All the different Parties wore blue Cockades, by which Means it was difficult to distinguish to which of the Candidates they belonged.

The People were so impatient at the other Candidates not coming, that they cried out for a Poll several Times for Wilkes, the celebrated Neddy Shuter coming by the Hustings, the Mob desired him to be a Candidate, and called out Wilkes and Shuter for ever.

Last Night great Illuminations were made all through the City and Suburbs on Account of the Success of Mr Wilkes; the Mob was very outrageous in many Parts, particularly at the Mansion House, where they broke all the Lamps and Windows, and a Chandalier, said to be worth an Hundred Guineas: The Damage done is computed at near £500.

The Windows of the British Coffee House, Charing Cross, and those of Mr Drummond, the Banker, were last Night broke to Pieces, and two Butts of Beer were given to the Populace (of Brentford) from Northumberland House, which received little Damage.

A Court of Common Council is summoned to meet at Guildhall Tomorrow, on Special Affairs.

Last Night the House of a Tradesman in Fleet Street, No. 45***, besides being highly illuminated, had also the Number 45 inscribed on every Pane of Glass in the Windows.

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The story does not end here.

The Caledonian Mercury 04 April 1768
Tuesday there was a great riot at the Castle Inn at Brentford, one of the houses openeed by Mr Cooke, by which the furniture received above £100 damage.

Stamford Mercury 26 May 1768
Saturday last application was made to the Court of King's bench, that John Wilkes, Esq., might be brought up and admitted to bail, but the same was deferred.

Ipswich Journal 04 June 1768
George Cooke, Esq., Member of Parliament for Middlesex, is greatly recovered from his late Indisposition, and will set out this Day for Bath.

Derby Mercury 10 June 1768
Last Night an Express arrived in Town from Marlborough, with an Account, that on Sunday died there, on his Way to Bath, George Cooke, Esq; Member of Parliament for the County of Middlesex, Joint Paymaster of his Majesty's Forces, Chief Prothonotary of the Court of Common Pleas, and Colonel of the Western Battalion of the Middlesex Militia.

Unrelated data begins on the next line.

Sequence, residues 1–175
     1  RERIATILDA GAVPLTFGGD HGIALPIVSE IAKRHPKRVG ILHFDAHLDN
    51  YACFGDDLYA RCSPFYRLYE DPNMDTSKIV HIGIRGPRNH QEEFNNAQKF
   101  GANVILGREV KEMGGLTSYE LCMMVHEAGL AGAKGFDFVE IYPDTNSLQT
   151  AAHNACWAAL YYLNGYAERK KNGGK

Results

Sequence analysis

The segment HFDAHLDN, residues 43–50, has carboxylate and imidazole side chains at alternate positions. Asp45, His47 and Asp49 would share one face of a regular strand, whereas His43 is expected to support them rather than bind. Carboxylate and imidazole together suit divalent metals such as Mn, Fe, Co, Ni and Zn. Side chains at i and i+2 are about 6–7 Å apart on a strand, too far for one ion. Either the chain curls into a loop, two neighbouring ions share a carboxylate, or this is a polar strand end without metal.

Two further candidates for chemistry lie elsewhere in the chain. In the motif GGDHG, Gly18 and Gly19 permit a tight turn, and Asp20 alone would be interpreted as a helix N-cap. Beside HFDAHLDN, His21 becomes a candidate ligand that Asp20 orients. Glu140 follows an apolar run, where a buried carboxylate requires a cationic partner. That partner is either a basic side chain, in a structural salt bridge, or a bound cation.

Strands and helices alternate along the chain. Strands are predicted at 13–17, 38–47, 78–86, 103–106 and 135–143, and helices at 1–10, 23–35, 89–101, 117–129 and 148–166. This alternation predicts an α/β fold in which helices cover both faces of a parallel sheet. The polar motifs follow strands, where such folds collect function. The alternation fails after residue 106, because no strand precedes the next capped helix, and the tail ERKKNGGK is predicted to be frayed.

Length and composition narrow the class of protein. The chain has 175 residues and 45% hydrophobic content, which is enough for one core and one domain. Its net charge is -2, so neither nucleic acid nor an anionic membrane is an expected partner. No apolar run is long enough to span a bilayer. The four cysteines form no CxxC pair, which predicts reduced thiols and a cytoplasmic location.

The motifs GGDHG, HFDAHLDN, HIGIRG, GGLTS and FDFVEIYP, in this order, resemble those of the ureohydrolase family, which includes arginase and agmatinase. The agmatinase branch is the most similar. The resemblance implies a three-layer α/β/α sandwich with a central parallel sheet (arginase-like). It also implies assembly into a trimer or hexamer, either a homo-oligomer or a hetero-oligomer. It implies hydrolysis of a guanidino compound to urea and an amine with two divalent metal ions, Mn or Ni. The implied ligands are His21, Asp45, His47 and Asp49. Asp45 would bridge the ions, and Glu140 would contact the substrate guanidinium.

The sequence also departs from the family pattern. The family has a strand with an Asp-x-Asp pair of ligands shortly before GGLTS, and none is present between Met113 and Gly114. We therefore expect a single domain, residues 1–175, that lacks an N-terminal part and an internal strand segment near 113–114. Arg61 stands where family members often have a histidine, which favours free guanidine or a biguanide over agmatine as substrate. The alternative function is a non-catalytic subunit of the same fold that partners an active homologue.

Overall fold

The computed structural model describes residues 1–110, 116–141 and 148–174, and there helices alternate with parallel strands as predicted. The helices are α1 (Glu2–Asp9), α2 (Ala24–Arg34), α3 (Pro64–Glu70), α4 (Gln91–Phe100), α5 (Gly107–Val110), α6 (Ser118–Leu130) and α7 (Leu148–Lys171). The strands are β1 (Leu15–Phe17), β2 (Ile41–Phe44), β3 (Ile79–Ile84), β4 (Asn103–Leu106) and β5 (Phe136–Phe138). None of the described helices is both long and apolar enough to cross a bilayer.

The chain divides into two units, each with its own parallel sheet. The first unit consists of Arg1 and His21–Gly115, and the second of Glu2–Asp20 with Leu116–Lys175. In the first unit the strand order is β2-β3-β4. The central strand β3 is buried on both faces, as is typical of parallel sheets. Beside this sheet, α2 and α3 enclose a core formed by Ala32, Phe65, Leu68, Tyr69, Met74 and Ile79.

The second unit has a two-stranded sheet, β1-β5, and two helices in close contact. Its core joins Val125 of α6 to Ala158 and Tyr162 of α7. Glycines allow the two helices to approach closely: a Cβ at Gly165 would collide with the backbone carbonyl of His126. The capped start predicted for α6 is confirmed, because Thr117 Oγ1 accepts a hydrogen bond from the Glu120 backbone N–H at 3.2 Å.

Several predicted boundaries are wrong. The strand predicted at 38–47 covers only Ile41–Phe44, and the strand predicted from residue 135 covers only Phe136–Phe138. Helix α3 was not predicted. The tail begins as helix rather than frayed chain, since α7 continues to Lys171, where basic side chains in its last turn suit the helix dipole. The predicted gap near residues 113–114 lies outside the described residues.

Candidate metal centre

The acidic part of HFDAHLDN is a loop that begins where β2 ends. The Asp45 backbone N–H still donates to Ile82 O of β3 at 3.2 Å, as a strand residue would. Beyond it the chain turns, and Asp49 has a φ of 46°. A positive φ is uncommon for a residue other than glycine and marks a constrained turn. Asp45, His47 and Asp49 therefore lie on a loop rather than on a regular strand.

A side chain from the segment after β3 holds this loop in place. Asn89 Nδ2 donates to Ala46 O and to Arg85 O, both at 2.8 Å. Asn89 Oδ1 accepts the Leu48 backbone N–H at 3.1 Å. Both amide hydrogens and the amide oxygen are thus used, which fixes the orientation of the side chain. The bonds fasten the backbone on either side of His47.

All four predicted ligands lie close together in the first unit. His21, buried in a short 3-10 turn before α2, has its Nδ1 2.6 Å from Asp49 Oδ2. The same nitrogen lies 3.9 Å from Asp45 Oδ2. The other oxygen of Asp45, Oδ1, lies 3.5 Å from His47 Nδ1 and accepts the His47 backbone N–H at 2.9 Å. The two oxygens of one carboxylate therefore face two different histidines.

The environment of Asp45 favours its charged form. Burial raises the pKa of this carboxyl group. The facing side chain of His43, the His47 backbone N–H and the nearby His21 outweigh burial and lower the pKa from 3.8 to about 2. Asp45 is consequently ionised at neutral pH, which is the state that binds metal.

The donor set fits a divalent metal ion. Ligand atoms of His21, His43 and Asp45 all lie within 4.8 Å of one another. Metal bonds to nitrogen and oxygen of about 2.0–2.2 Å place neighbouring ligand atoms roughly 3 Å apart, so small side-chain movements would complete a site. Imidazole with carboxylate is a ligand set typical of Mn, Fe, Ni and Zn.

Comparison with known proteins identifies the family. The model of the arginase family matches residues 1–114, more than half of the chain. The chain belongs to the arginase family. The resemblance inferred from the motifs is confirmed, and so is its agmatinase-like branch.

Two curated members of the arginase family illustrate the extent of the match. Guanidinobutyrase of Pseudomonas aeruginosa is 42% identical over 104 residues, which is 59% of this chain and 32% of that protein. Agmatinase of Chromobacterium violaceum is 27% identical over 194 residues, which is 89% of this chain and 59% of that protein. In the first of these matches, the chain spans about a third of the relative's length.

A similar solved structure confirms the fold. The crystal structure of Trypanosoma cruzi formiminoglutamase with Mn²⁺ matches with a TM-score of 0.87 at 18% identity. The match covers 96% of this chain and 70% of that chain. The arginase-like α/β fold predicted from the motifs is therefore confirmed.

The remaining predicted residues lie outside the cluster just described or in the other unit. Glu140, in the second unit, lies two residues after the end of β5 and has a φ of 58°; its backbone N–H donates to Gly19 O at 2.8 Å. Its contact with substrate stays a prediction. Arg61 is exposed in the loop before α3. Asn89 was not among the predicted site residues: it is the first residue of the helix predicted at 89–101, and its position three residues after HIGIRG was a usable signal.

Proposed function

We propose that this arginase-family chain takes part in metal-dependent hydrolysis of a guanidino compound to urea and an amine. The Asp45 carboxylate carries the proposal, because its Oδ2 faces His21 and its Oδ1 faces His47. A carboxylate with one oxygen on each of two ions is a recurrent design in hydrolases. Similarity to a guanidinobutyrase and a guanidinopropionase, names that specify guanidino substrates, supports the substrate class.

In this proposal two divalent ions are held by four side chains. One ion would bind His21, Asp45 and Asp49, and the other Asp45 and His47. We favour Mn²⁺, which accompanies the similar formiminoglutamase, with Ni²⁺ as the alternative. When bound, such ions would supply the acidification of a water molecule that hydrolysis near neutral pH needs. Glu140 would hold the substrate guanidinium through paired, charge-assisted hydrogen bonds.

The following item...
Saturday Night, by Order of John Wilkes, Esq; the King's Bench Prison was illuminated and several Fireworks played off in Honour of his Majesty's Birth Day.

It has of late been confidently asserted, that real Patriots, like true Lovers of Liberty, are to be found only - in a Prison.

Newcastle Courant 18 June 1768
We are informed that the following Gentlemen are Candidates to represent the County of Middlesex, in the Room of George Cooke , Esq; viz. Sir William Beauchamp Proctor, Bart. Mr Serjeant Glyn, Sir Richard Glyn, Bt, Sir George Colebrooke, Bart. George Prescot Esq; and Mr Deputy John Paterson.

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Notes

From reading other accounts the precise timeline for the March/April general election is a little unclear but polling was over two days, and officials chose when to close the polls. Some accounts focus on this in more detail.

The account describes the damage wreaked by the 'Mob' but other accounts have more details, describing routes taken between London and Brentford and the buildings damaged.

No Blasphemers, No French Runagates (presumably Renegades) refers to John Wilkes's recent exploits:
'In 1763 he was prosecuted for issuing seditious and blasphemous pamphlets**. Imprisoned for his role in a duel, friends helped Wilkes flee to Paris. Whilst living there with a courtesan, he attempted to explain his absence from Parliament by producing a false certificate of ill health, for which he was prosecuted in 1764'. (The Twickenham Museum website has more details)

** Specifically Wilkes published The North Briton in response to the The Briton, a publication from 1762 by Lord Bute, Prime Minister 1762/3. (The Briton) was akin to the sort of PR publication local councils produce today to tell taxpayers how well their council is doing in serving them. John Wilkes’s The North Briton was however a new phenomenon, an 'Opposition' newspaper'. (South Central MediaScene)

On 23 April 1763, issue 45*** of ... The North Briton, criticised King George III (r. 1760–1820) and his newly appointed ministry for making too generous a peace with France ... Appendix to issue 45 of The North Briton was published after Wilkes returned from exile in 1768. Despite being arrested and jailed in the King’s Bench Prison, Wilkes sought re-election to Parliament (1768–69), and he used The North Briton to promote himself as a defender of ancient English liberties. The Appendix supplied a detailed account of his prosecution, and began by repeating in full the famous clause from Magna Carta stating that 'No freeman may be apprehended or imprisoned' ... From his prison cell, Wilkes was re-elected as a Member of Parliament for Middlesex and Alderman of London, despite opposition from the government. His use of Magna Carta was a masterstroke, and throughout this period the rallying cry of 'Wilkes and liberty' was repeatedly heard on the streets of London. (British Library).

*** Hence the references to '45' in the above account.

Presumably this is how the Wilkes Head at 378 High Street, later known as the Hand and Flower got its name.

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Published December 2019